In this absence of coherence however, Jazzpunk still offers an incredibly captivating experience that will likely have players’ attention straight to its conclusion. And this leads to my main concern of Jazzpunk, and that is in its relatively short length even considering it isn’t a full priced retail release. The game is easily finished in about an hour and offers no real incentives to return. While the game does provide a good deal of exploration outside the main triggered events, most of it can be completed in a brief amount of time.
I feel that if Jazzpunk had been a bit more substantial and had a more coherent narrative to work with, that it could have easily been something special. Sadly however while it did present an extremely intriguing aesthetic, its gameplay and other concerns left much to be desired. But it has to be said that in the recent flood of altogether too serious and somewhat pretentious indie fare, that Jazzpunk was a breath of fresh air willing to completely go off the rails while taking some rather large risks.
As primarily a blast-from-the-past nostalgia trip, Wasteland 2 provides a robust traditional RPG experience in the legacy of the original Wasteland and Fallout titles. And while the game may lack the polish or sophistication of more modern productions, Wasteland 2 has an enormous amount of content to play through. For a Kickstarter project, I was admittedly very impressed by the amount of quests and missions that were available and my play-through clocked close to forty hours of which was far from a complete run.
The character customization is deeply complex allowing for a multitude of different play styles and combat. And there is plenty of further character tinkering through an abundance of loot and weaponry. The manner in which skills like lock-picking or safe cracking are handled however might seem somewhat simplistic, but does offer a way to specialize specific characters in one’s squad.
While Wasteland 2 isn’t particularly focused on player choice, the various quest lines do ultimately change dependent on how player’s interact with particular characters. Because of this and from a purely narrative standpoint, there is definite potential for replayability given certain quest paths can be mutually exclusive. The writing is definitely strong and while depthful characters might be lacking, there is instead the old-fashioned potential for creative role-playing in its place.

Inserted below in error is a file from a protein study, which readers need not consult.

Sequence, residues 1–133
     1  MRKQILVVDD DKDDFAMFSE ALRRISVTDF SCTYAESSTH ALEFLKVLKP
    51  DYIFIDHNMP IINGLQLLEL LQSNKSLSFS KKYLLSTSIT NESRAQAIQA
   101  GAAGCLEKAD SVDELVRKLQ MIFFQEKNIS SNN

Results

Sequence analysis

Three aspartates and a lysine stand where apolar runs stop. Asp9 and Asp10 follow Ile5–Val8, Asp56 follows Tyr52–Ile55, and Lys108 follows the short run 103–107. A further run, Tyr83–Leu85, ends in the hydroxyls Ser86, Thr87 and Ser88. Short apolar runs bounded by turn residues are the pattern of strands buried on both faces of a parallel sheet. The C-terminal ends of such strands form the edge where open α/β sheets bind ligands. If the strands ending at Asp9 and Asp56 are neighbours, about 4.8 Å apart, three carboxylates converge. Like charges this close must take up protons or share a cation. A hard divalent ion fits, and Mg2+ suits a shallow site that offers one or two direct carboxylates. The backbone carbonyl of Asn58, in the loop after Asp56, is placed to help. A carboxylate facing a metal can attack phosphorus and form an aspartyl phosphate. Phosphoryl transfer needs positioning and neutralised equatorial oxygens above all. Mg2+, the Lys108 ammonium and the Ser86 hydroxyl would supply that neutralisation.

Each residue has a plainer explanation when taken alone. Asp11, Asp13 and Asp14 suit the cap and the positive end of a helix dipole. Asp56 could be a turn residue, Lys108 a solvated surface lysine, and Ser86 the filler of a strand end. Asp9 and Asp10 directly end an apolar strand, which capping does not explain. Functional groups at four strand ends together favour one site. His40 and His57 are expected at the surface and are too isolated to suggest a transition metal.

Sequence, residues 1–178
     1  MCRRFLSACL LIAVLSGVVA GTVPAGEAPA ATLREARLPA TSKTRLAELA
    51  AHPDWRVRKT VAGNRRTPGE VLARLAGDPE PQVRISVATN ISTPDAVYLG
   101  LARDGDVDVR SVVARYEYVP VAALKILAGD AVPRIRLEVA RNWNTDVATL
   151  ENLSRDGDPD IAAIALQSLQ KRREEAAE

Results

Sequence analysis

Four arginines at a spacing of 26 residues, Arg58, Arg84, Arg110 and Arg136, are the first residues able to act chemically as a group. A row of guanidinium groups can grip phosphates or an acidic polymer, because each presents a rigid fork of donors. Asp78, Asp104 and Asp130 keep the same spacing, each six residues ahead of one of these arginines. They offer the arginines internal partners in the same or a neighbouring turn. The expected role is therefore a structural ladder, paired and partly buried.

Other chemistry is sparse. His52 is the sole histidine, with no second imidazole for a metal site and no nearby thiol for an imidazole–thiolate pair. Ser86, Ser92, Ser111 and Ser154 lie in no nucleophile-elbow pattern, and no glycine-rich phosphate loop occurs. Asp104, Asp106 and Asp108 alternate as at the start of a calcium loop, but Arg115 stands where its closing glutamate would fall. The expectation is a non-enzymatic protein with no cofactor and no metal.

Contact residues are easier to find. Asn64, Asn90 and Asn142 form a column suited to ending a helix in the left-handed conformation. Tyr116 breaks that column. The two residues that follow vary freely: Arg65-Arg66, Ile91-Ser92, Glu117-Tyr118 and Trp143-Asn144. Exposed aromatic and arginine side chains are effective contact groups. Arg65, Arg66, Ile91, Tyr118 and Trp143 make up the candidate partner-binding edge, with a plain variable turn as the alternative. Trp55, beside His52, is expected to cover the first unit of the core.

With that said and while Wasteland 2 is a thoroughly impressive return to traditional RPG fare, my personal experience with it was overshadowed by a litany of technical issues ranging from broken quests to constant crashing. For a game of this magnitude, a certain degree of glitches and bugs can be expected. However Wasteland 2 features an almost unforgivable amount of issues that renders the game often unplayable or impossible to continue. I frustratingly had to start my game over when my save would refuse to simply load and multiple quest lines simply had to be abandoned due to dialogue or other actions not properly triggering. It truly seemed as if Wasteland 2 never got a proper QA testing cycle, or at least one that wasn’t completely adequate.
Ultimately while I enjoyed my venture into Wasteland 2 and would be ready to recommend it to others who have an inclination for this particular genre, it’s hard to imagine I will ever want to play it again unless the technical issues get patched out.
Octodad: Dadliest Catch by all appearances seems like just another gimmick title that would quickly fall apart past watching some comedic “Let’s Plays” of it on Youtube, but surprisingly it is sort of a perfect game. While its mechanics and premise are both absolutely ludicrous, the QWOP-like controls actually perfectly fit with the unbelievable challenge of an octopus trying to pass himself off as a normal man.